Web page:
Ghana contains forests that are biologically unique and important both for the wildlife they contain and the human communities that depend on them. However, the country is experiencing one of the...
UN study highlights the immense economic and social value of ecosystems
Businesses and policy-makers need to recognize the tremendous economic value of ecosystems, as well as the social and economic costs of losing such natural resources as forests, freshwater, soils and coral reefs, a new United Nations report released today said.
The report by the Economics of Ecosystems and Biodiversity (TEEB), a body hosted by the UN Environment Programme (UNEP), seeks to galvanize the world to recognize the economic consequences of failing to halt the alarming loss of species as a result of habitat loss, pollution and excessive exploitation of ecosystems for financial gain.
The reported was launched at the conference of parties to the UN Convention on Biodiversity (CBD) under way in the Japanese city of Nayoya.
“TEEB has documented not only the multi-trillion dollar importance to the global economy of the natural world, but the kinds of policy-shifts and smart market mechanisms that can embed fresh thinking in a world beset by a rising raft of multiple challenges,” Pavan Sukhdev, a banker who heads UNEP’s Green Economy Initiative.
“The good news is that many communities and countries are already seeing the potential of incorporating the value of nature into decision-making.”
The study calls for wider recognition of nature’s contribution to human livelihoods, health, security and culture by decision-makers at all levels.
Countries such as India have already announced plans for implementing the economic valuation of their natural capital, as well as the value of nature’s services in decision-making, according to the study.
“TEEB’s approach can reset the economic compass and herald a new era in which the value of nature’s services is made visible and becomes an explicit part of policy and business decision-making. Do nothing, and not only do we lose trillions worth of current and future benefits to society, we also further impoverish the poor and put future generations at risk,” said Mr. Sukhdev.
The report spells out three scenarios – a natural ecosystem (forests), a human settlement (city) and a business sector (mining) – to illustrate how the economic concepts and tools described in TEEB can help equip society with the means to incorporate the values of nature into decision-making at all levels.
With more than half of the world’s population now living in urban areas, cities have a crucial role to play in acknowledging the natural capital required to maintain and improve the well-being of their residents.
Innovative economic instruments and policies are emerging that reward good practice. For example, Nagoya has implemented a new system of ‘tradeable’ development rights whereby developers wishing to exceed existing limits on high-rise buildings can offset their impacts by buying and conserving areas of Japan’s traditional agricultural landscape, according to the report.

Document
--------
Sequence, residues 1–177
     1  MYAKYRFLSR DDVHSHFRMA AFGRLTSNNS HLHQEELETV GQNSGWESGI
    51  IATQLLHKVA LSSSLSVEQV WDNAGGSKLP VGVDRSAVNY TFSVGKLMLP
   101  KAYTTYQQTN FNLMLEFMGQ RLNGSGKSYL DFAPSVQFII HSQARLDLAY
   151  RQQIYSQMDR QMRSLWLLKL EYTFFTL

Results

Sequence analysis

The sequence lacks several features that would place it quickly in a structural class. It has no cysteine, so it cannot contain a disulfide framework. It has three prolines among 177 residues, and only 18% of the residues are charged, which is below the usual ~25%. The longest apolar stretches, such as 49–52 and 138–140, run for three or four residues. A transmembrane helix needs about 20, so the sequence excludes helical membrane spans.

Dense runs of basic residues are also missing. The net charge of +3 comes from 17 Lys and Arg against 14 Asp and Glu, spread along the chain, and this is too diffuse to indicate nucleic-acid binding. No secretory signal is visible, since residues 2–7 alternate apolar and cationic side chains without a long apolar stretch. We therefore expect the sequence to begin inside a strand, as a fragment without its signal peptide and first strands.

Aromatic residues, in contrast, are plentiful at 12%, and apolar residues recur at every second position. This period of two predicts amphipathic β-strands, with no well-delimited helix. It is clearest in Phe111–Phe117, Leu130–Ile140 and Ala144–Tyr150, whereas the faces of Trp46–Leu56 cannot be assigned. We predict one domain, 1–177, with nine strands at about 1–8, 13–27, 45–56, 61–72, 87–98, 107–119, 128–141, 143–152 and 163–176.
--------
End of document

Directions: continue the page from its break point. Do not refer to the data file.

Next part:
Discounts on bank loans for buildings that receive a higher star rating based on a green certification system designed by Nagoya city authorities also create incentives for more green space within city projects.
An important finding of the study is the contribution of forests and other ecosystems to the livelihoods of poor rural households, and, therefore, the significant potential for conservation efforts to contribute to poverty reduction.
It has been estimated that ecosystem services and other non-marketed natural goods account for 47 to 89 per cent of the so-called “Gross Domestic Product of the Poor” – the total sources of livelihoods of rural and forest-dwelling poor households – in some large developing countries.
“In the past only traditional sectors such as manufacturing, mining, retailing, construction and energy generation were uppermost in the minds of economic planners and ministers of finance, development and trade.
“TEEB has brought to the world’s attention that nature’s goods and services are equal, if not far more central, to the wealth of nations including the poor – a fact that will be increasingly the case on a planet of finite resources with a population set to rise to nine billion people by 2050,” said Achim Steiner, UNEP Executive Director.
Assessing illegal logging
Chatham House is assessing the scale and effectiveness of the response to illegal logging and the related trade around the world. Full details of this work, including analysis and data, will be available online soon.